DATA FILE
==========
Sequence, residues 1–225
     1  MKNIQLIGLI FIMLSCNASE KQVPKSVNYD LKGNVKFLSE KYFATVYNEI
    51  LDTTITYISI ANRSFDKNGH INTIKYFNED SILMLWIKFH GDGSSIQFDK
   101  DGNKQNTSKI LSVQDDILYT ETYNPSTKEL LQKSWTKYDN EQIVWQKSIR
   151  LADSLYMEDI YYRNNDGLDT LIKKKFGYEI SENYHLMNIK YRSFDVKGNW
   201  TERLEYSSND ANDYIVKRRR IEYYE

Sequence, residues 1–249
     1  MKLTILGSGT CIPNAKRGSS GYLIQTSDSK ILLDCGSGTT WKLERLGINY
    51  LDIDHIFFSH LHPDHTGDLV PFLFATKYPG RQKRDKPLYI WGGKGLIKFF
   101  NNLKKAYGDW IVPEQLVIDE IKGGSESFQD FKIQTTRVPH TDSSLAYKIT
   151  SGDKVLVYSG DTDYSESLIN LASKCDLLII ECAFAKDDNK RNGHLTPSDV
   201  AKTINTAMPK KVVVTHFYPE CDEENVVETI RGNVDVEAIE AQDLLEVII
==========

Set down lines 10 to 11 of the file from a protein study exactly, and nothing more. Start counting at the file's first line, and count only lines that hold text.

   101  NNLKKAYGDW IVPEQLVIDE IKGGSESFQD FKIQTTRVPH TDSSLAYKIT
   151  SGDKVLVYSG DTDYSESLIN LASKCDLLII ECAFAKDDNK RNGHLTPSDV